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Tesco shoppers could slash food bills by £260 a year with easy cooking switch

SUPERMARKET giant Tesco has shared a simple way for shoppers to slash their food bill – and you could save up to £260 a year.

Households will have noticed that their bill at the checkout has soared recently, leaving many to look for ways to cut costs.

Tesco has shared a simple way for shoppers to slash their food bill

But experts at Tesco have worked out that shoppers could save up to £260 a year by reducing the amount of food they throw away.

That’s money many households can’t afford to waste during a cost of living crisis, as runaway inflation is driving food prices up.

Shoppers are facing forking out £533 more a year just to fill the fridge up.

But at the same time, three-quarters of UK households admit to throwing away forgotten items lurking in cupboards, according to research by Tesco.

The supermarket is encouraging shoppers to take part in its Use Up Day campaign, where once a week, people cook a meal using up food already in their kitchen.

Tony McElroy, head of campaigns at Tesco, said that shoppers can also benefit from making a list before they head out to the shop.

Making a list will help to stay focused on getting the items that you really need, rather than being drawn into impulse purchases.

Tony McElroy said: “At Tesco, we want our customers to be able to get more out of their food shop whilst keeping delicious meals on the table.

“A little planning can help to spend less and reduce food waste, helping both our pockets and the planet.”

He added that take stock to see what food they already have will make it easier to write a list of what is needed before going out to buy more food. 

How can I find the best deals in the supermarket?

Get a loyalty card

Signing up for a supermarket loyalty card can often help you to get cheaper prices on essentials.

If you have a loyalty card, you may find you can get extra points or discounts, particularly if you buy petrol from the same supermarket.

The Sun recently compared the best supermarket loyalty cards in this handy guide.

Asda is the latest supermarket to promise shoppers extra perks, bringing it in line with LidlM&SMorrisonsSainsbury’s and Tesco.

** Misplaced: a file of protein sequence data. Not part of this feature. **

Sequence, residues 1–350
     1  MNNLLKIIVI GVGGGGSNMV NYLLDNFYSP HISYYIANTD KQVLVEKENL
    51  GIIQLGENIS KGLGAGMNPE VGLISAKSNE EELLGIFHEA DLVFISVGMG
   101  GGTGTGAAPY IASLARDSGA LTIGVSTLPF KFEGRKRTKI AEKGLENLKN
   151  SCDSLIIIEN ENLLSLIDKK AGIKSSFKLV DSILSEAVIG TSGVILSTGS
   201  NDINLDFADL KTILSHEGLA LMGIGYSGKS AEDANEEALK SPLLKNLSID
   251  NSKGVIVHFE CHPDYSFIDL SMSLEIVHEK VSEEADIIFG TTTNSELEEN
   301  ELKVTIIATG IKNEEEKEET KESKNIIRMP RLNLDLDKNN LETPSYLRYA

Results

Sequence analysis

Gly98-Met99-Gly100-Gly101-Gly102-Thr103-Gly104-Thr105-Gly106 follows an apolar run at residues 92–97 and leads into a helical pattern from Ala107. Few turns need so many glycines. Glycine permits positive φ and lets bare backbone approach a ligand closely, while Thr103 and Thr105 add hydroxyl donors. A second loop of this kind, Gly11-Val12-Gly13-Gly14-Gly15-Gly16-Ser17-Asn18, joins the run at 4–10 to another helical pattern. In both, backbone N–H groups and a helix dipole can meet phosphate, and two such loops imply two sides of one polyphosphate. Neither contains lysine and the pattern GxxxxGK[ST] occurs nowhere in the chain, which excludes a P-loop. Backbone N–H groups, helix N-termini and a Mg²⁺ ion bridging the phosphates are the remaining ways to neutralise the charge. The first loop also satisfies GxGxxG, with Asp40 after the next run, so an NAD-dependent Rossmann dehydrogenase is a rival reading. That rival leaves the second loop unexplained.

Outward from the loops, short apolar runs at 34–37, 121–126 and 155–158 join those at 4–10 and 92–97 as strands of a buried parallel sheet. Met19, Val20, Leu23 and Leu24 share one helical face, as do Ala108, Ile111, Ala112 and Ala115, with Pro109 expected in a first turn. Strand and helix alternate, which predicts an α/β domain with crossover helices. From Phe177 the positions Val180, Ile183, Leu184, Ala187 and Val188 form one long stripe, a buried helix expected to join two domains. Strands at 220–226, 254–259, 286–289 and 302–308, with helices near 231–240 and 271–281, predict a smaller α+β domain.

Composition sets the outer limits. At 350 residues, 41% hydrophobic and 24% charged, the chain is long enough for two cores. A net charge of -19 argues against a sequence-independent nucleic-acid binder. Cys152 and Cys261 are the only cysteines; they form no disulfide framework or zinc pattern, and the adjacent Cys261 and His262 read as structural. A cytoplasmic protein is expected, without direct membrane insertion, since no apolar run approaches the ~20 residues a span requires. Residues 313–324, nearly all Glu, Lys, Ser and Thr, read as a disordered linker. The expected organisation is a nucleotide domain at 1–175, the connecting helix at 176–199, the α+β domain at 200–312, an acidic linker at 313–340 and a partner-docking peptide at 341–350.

But it’s worth comparing loyalty schemes – and remember you don’t have to stay loyal, despite the name.

Known when to shop

Heading to the shops when products are marked down and bright yellow discount stickers are applied can save you serious dough.

If you shop in the evening, you are more likely to find goods that have been marked marked down.

But each branch of a supermarket will have their biggest discounts at slightly different times of day.

We put together a handy guide to what time supermarkets including Aldi, Asda, Tesco and Lidl reduce their prices.

Make a list

One of the most common mistakes shoppers make is going out underprepared.

Making a list will help to stay focused on getting the items that you really need, rather than being drawn into impulse purchases.

Another tip is to choose a smaller trolley – or a basket, if possible – to shop with.

A bigger trolley will look emptier even after you’ve finished trawling the aisles, and can encourage you to pick up more items.

Swap to own brand

Ditching items with labels like “finest” in favour of “own” or “value” can be worthwhile.

The Sun regularly tests supermarket own brand products to see if they can beat the big brands.

Lidl’s own brand Freeway Cola costing 47p beat other supermarket’s own brands to be crowned the best by The Sun.

While the budget supermarket’s own brand orange juice was also found to be the best alternative to Tropicana.

The brand’s Smooth Orange Juice costs £2.75 compared to Lidl’s Simply Orange Juice, which is just 55p.

You can also try checking frozen alternatives to fresh fruit and vegetables, and looking on the lower shelves where customers are known to find better deals.

Meanwhile, we found out from a supermarket expert how you can get your weekly shop cheaper in every aisle.

We also revealed the cheapest supermarket in the country – and it’s not what you expect.

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